Management Plan for Dairy Cow

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From wikipedia: Proponents of unpasteurized milk make the argument that if milk is obtained from humanely raised cows that are grass fed and handled hygienically, then there is little problem with disease.[10] However, raw milk can become contaminated in a number of ways: by coming into contact with cow feces or bacteria living on the skin of cows, from an infection of the cow's udder, or from dirty equipment, among others. Improperly handled raw milk is responsible for nearly three times more hospitalizations than any other foodborne disease outbreak, making it one of the world's most dangerous food products.[11]

See also Raw Milk.

FeF Dairy


Once a day vs twice a day milking:


Butter tutorial Butter cont'd


  • Experimented with a wild culture, simply left it out overnight, by the next day it was fermenting. Drank some as kefir, then added lemon juice and pineapple juice, made a sweet curd that was reminiscent of ricotta. Delicious with raisins and cinnamon.
  • Kavitha gave us a culture that came with her from India. It makes a drinkable yogurt with a light, delicious flavor
  • Diversified by also using a greek yogurt culture, from some left over live greek yogurt. Great success.


Processing Materials:

  • Milking into a pasta pot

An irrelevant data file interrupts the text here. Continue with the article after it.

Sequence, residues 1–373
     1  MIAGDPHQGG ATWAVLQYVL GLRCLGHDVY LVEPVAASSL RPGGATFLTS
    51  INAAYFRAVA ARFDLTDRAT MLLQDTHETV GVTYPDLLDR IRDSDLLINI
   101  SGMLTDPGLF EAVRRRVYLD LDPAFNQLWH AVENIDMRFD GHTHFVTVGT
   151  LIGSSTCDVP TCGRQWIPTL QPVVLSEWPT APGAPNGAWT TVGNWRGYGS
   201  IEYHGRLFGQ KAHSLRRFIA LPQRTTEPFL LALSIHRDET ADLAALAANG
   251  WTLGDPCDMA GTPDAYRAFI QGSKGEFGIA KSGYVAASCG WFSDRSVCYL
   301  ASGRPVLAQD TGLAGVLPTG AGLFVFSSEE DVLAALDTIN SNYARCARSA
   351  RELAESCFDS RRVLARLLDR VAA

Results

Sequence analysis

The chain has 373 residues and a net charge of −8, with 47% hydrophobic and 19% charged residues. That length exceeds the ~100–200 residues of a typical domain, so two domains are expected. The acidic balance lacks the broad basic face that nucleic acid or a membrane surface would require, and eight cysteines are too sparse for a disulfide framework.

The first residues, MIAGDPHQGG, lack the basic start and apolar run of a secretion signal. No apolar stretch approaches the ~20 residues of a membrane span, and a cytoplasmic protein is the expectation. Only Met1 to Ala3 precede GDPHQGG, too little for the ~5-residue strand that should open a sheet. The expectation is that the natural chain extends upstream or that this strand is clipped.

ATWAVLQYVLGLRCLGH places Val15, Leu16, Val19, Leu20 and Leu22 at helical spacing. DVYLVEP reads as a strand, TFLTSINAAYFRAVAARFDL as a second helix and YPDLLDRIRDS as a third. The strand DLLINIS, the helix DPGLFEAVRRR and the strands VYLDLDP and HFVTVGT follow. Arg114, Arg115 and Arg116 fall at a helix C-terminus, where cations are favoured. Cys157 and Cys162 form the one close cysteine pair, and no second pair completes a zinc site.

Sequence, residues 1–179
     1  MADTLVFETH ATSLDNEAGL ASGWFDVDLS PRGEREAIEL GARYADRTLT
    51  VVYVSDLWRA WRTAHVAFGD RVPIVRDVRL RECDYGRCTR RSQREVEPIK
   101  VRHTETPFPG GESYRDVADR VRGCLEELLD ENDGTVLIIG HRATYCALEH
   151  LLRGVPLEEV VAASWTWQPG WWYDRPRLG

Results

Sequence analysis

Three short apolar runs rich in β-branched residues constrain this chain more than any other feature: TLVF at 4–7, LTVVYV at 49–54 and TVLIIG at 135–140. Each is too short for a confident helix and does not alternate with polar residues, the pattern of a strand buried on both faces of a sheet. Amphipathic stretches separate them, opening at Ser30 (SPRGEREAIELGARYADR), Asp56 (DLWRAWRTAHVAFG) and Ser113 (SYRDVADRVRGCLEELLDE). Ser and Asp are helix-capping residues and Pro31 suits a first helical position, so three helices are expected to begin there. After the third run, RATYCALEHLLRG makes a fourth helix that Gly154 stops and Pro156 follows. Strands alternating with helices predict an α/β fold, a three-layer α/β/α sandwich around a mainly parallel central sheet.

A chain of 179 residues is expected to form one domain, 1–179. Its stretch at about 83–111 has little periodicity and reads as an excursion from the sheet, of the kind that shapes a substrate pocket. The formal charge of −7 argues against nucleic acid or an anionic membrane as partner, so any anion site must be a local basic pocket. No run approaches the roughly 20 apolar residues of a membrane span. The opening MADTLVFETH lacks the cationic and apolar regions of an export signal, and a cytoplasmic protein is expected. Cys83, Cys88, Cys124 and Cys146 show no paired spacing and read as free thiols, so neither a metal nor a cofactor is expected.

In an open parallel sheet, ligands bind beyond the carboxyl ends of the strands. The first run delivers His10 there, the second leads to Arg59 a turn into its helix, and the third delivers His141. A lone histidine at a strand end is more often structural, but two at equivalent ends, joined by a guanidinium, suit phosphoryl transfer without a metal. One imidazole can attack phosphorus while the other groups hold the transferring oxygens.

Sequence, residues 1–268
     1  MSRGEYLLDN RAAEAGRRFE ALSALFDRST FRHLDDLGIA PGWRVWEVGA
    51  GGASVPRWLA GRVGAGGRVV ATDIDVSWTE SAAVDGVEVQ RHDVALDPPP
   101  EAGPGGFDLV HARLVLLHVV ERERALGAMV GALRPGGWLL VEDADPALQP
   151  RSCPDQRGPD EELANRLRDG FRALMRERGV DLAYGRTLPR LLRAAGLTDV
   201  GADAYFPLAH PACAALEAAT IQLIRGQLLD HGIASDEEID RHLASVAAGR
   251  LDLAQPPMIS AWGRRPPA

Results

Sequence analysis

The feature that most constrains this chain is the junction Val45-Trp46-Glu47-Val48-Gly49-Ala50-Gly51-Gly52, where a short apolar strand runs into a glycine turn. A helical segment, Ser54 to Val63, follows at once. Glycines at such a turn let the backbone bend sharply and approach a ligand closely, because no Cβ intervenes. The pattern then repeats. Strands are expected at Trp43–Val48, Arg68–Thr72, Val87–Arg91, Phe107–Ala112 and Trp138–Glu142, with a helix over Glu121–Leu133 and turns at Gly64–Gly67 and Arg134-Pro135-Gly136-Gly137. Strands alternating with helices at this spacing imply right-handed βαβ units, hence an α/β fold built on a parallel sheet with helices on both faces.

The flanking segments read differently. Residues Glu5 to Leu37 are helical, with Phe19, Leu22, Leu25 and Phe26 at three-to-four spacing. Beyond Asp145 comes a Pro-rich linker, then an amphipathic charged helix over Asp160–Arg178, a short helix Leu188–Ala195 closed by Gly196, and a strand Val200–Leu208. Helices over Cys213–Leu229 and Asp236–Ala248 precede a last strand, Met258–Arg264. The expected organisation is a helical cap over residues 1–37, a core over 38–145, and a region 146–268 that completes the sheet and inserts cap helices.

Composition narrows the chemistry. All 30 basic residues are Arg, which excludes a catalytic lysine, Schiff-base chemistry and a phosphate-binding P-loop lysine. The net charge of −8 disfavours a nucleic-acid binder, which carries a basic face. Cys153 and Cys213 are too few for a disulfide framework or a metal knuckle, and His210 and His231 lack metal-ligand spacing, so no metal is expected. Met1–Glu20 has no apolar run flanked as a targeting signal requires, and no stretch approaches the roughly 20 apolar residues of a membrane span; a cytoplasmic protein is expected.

• Filtered through milk filters (leftover from goat project)
  • Now we use this filter
  • Stored in large jars and refrigerated

Good Cow

Good Cow arrived on the second of July, 2012. She was delivered in the afternoon by Teddy, our neighbor dairyman, with the happy news that she was 45 days pregnant and due early April of 2013.

Handling tips:

  • Please don't raise your voice around her. Be quiet, and speak calmly and slowly with low tones. Don't ever yell, she won't understand what you're trying to say because she'll be too scared.
  • Approach her without staring her in the eye, look at her indirectly and walk up slowly and calmly with confidence. It also helps if you angle your body diagonally away from her, try not to square your shoulders towards her.
  • Don't be afraid of her, it will make her nervous. Cows to best with self-confident introverts, meaning someone who is cool, collected, calm, quiet, with smooth body language. Try not to fidget, make unnecessary movements, wiggle, jerk your body or run at her.
  • Try to see yourself from her perspective. Imagine a cow, in the middle of a bunch of grass, seeing a person walk up and approach them. What would that person be doing to make you calm and relaxed?
  • Please don't feed her. She's got so much nutritious food on the ground that she shouldn't even be bothered with people food.
  • When she's being milked, she'll give more milk if she's not bothered at all. This means that when I'm milking her in the morning and evening, it will be easier for both of us if we aren't approached by people so that she stays still and lets all of her milk down.
  • If you have any questions, you should definitely ask! Gabi would be happy to crosstrain whoever wants to learn to milk her and graze her.


  • Cow: small, cheap, Jersey, in milk, not too old but at least a year, from local dairy with organic practices.
    • Milk Jerseys in King City, 25 mi away - Teddy Pankau - +16604830567, +18165932316
  • Fence: 1/8 mile livewire
  • Rods: Rebar on-site cut to 60" - 37 rods
  • Solar Fence Charger
  • Shelter/Mobile hut: scrap metal 8'x8' on wheels Cow Hut Design
    • rain catchment running into modular attached water barrel



  • Capital investment: $1262
  • Labor: ~2 hours per day


  • Manure/Fertilization
  • Grazing weeds (putting ragweed to good use)